“Lynch Law in America” (1900)
“Lynch Law” (1893)
“Lynch Law in All its Phases” (1893)
“Lynching: Our National Crime” (1909)
PBS – The Rise and Fall of Jim Crow
Watch TWO of the segments from the PBS series on the Jim Crow system. In your journal, describe
the key events and people, and make connections to course content.
Episode 1 – Promises Betrayed

Episode 2 – Fighting Back

Episode 3 – Don’t Shoot Too Soon

Episode 4 – Terror and Triumph

The National Memorial for Peace and Justice
Learn about the National Memorial for Peace and Justice, a site for people to gather and reflect on
America’s history of racial inequality, terror, and progress.
Go through (at least TWO of) the following articles/clinks about the memorial. Summarize the
content and make connections to course content.
60 Minutes – Inside the memorial to victims of lynching
PBS News Hour – A national memorial confronts the terror of lynching

Vice – The National Memorial for Peace and Justice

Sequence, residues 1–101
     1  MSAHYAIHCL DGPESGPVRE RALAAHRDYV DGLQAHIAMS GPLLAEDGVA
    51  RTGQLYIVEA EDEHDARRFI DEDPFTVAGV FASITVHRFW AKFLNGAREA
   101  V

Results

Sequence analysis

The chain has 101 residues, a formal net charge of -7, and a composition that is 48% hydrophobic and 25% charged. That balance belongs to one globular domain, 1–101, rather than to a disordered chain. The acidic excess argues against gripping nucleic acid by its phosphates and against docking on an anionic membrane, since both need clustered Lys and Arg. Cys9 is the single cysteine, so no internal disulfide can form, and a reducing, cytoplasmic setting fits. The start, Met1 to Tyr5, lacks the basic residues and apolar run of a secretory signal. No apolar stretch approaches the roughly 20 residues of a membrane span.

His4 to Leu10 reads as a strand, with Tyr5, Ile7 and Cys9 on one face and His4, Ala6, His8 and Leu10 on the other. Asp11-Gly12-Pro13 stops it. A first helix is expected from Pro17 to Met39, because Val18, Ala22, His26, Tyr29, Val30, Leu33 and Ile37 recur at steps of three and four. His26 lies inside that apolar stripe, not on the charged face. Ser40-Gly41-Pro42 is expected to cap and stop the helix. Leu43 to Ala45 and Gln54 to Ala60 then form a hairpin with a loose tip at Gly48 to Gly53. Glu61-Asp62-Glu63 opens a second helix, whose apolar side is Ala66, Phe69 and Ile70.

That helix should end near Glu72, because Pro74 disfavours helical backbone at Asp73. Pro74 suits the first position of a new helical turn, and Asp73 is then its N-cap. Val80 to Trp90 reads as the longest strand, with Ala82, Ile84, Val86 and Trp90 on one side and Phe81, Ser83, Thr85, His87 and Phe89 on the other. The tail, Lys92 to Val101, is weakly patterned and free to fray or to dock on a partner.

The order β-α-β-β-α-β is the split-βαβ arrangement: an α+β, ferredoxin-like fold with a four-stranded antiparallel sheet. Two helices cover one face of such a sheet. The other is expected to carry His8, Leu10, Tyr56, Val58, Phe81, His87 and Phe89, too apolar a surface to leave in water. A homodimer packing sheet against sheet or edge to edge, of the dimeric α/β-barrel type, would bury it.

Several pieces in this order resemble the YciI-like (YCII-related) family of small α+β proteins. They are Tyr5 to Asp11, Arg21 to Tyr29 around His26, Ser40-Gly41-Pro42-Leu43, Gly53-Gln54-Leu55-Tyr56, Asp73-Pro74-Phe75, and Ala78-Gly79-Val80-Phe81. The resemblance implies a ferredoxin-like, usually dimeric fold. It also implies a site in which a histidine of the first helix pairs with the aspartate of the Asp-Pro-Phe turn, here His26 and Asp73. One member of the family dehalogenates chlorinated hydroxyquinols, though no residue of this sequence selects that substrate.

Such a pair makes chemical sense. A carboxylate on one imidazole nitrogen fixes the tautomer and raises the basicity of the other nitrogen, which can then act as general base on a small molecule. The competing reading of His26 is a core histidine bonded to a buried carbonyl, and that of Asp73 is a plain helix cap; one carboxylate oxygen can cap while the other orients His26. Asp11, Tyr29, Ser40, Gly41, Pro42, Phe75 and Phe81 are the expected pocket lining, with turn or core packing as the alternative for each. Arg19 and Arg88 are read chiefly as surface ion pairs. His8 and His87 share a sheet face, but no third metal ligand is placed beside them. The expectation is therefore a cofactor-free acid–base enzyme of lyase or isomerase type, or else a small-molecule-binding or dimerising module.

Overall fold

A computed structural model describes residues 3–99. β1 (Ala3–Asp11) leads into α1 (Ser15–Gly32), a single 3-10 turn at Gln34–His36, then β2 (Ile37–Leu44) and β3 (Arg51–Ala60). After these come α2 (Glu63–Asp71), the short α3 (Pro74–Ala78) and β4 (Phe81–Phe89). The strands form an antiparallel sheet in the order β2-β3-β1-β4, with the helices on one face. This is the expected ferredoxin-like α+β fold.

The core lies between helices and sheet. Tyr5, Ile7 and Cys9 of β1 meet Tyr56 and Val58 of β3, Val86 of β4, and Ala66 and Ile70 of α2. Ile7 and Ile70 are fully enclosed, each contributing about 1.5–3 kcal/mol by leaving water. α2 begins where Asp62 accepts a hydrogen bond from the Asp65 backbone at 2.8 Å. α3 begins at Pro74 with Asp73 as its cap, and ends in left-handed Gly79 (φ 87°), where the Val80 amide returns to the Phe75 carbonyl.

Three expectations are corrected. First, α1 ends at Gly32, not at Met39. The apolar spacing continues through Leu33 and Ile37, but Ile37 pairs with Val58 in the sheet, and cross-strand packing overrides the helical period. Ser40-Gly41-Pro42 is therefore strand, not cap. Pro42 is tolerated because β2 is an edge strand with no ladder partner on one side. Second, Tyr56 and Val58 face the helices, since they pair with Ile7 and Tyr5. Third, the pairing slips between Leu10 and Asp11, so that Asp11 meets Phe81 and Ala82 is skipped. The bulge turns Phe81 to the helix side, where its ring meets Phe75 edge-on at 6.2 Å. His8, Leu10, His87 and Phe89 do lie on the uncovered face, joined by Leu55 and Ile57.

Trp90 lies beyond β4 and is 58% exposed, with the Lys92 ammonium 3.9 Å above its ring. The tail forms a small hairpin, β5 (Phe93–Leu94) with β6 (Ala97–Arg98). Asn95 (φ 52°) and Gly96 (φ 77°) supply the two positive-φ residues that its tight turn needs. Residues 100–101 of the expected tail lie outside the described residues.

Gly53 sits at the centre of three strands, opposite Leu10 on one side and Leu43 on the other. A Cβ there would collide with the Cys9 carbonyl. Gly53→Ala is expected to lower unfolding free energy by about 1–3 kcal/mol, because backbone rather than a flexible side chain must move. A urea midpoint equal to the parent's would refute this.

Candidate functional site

Equal Justice Initiative – the organization behind the NMPJ
The Case for Reparations
Watch the episode from PBS Point Taken. Then read ONE of the following articles. Summarize the
content, make connections to course content.
PBS News Hour – UN panel says the US owes reparations to African Americans
PBS News Hour – Georgetown students vote to add fee to pay reparations
Nebraska State Historical Society – Brown Bag lecture on Omaha 1919 race riot
Watch the following illustrated lecture by Barbara Hewins-Maroney (UNO), “Will Brown: A Lynching,
A Lost Identity, and Urban Unrest in Omaha, 1919”

Summarize the lecture and make connections to course content.
PBS Frontline: Documenting Hate
There are two investigative documentaries from PBS Frontline and ProPublica about white
nationalism / supremacy in the United States. Watch ONE of the segments, summarize and make
connection to course content.
Documenting Hate: Charlottesville
“… investigate the white supremacists and neo-Nazis involved in the 2017 Charlottesville Unite the
Right rally – and reveal just how ill-prepared law enforcement was to handle an influx of white
supremacists from across the country.”
Documenting Hate: New American Nazis
“In the wake of the deadly anti-Semitic attack at the Tree of Life synagogue in Pittsburgh, [we]
present a new investigation into white supremacist groups in America – in particular, a neo-Nazi
group, Atomwaffen Division, that has actively recruited inside the US military.”